May 6, 2011

Secret choppers played key role in bin Laden raid

Robert Burns, The Associated Press

WASHINGTON — Secret until now, stealth helicopters may have been key to the success of the Osama bin Laden raid. But the crash of one of the modified Black Hawks at the scene apparently compromised at least some of the aircraft's secrets.

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A truck carries away what are thought to be parts of the wreckage of the U.S. helicopter that crashed next to the wall of Osama bin Laden's compound. A Pentagon official declined to say today whether Pakistan is resisting U.S. efforts to retrieve the chopper's remains.

AP

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The choppers evidently used radar-evading technologies, plus noise and heat suppression devices, to slip across the Afghan-Pakistan border, avoid detection by Pakistani air defenses and deliver two dozen Navy SEALs into the al-Qaida leader's lair. Photos of the lost chopper's wrecked tail are circulating online — proving it exists and also exposing sensitive details.

President Barack Obama traveled today to the home base, at Fort Campbell, Ky., of the elite Army pilots who flew the daring mission. They are members of the 160th Special Operations Aviation Regiment, nicknamed the Night Stalkers.

Daniel Goure, a defense specialist at the Lexington Institute think tank, said today that the aircraft's modifications and unusual aerodynamics may have contriibuted to the crash.

"It could be much more difficult to fly, particularly at slow speed and landing than you would expect from a typical Black Hawk," Goure said.

Bloomberg News today reported that according to two U.S. officials the chopper that crashed lost the lift necessary to hover because it entered a "vortex" condition. At least two factors were at play -- hotter than expected air temperature and the compound's 18-foot-high walls, they said.

The wall blocked rotor blade downwash from moving down and away as it normally would. This caused disturbed airflow to move in a circular, upward and then downward path back through the top of the rotor, causing insufficient lift for the aircraft.

The pilot, realizing he had lost lift, landed quickly in a maneuver practiced by pilots to deal with helicopter flight conditions known as "settling with power," one official said.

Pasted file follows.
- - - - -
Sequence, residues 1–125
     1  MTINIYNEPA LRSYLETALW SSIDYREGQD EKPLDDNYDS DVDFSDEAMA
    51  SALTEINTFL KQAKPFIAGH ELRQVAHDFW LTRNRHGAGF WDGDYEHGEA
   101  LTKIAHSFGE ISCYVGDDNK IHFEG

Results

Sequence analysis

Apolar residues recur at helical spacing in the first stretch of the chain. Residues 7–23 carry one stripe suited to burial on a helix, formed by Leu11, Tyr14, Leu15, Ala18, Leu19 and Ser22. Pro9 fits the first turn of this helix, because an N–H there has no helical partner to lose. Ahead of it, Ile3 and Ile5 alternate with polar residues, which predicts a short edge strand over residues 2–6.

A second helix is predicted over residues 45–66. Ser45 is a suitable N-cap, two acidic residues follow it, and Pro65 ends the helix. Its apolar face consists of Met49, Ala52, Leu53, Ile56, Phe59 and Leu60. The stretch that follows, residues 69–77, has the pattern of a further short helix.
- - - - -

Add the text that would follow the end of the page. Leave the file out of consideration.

The U.S. military's first stealth aircraft, the now-defunct F-117 fighter jet, was notoriously difficult to handle in flight, officials have said.

Night Stalker pilots also fly other, publicly acknowledged versions of the Black Hawk that are specially equipped with advanced navigation systems, plus devices allowing for low-level and all-weather flight, day or night. Those are rigged to permit occupants to "fast rope" from the helicopter as it hovers just off the ground — a technique used in the bin Laden assault.

Many aspects of stealth technology have been known for decades, including the use of angled aircraft edges and composite materials to make aircraft less visible on radar. The Army began a program to build a new class of helicopter with stealth technology in 1992. Known as the RAH-66 Comanche, it was canceled in 2004, in part to speed up development of drone aircraft.

Bill Sweetman, editor-in-chief of Defense Technology International and a long-time student of stealth aircraft development, said the biggest secret behind the stealth helicopter is simply that it existed.

"There was obviously a fairly high risk that you were going to compromise it one way or another the minute you used it," he said in an Associated Press interview.

The decision to use the helicopters reflected the extraordinary stakes involved in eliminating bin Laden, the world's most-wanted terrorist. It is not known whether the choppers have been used in earlier Special Operations raids, but Dick Hoffman, a former Navy SEAL and now a defense analyst at the Rand Corp. think tank, said he had never before heard of their existence.

Hoffman said in a telephone interview that the apparent stealth technology on the choppers boosted the raid's chances for success.

"Getting into the target area undetected is hugely important, especially with these terrorist targets and militia targets," he said. He noted that the SEAL team did not arrive at the Abbottabad compound in complete silence, since a resident in the same town was writing on Twitter during the raid that he could hear one or more helicopters and wondered what was happening.

But the modifications that suppressed noise from the helicopters — including the use of extra blades in the tail rotor and placement of a hubcap-like cover on the rotor — may have been sufficient to allow the assault teams to get on the ground before bin Laden and his security guards could mount enough of a defense to slow the SEALS; only one of the defenders was said to have gotten off a shot.
Noise suppression, Goure said, is "a huge advantage in these kinds of strikes."

Some elements of that noise suppression technology were visible in photos of the tail section that was left behind. The main body of the helo was blown up by the SEALs before they left with bin Laden's body, apparently in order to prevent the exposure of other secret stealth components.

A Pentagon spokesman, Marine Col. David Lapan, declined to say today whether Pakistan was resisting U.S. efforts to retrieve the remains of the chopper.

Sweetman said it was remarkable that the SEALs managed to swoop into the compound and catch the bin Laden party by surprise.

"They're probably expecting that someday they could get a visit from (U.S.) Special Forces," he said.

"But they would also be expecting to hear helicopters for a few minutes before they arrive overhead. If your first warning is that you hear the thing and then you look up and it's right there, you've lost valuable time."

 

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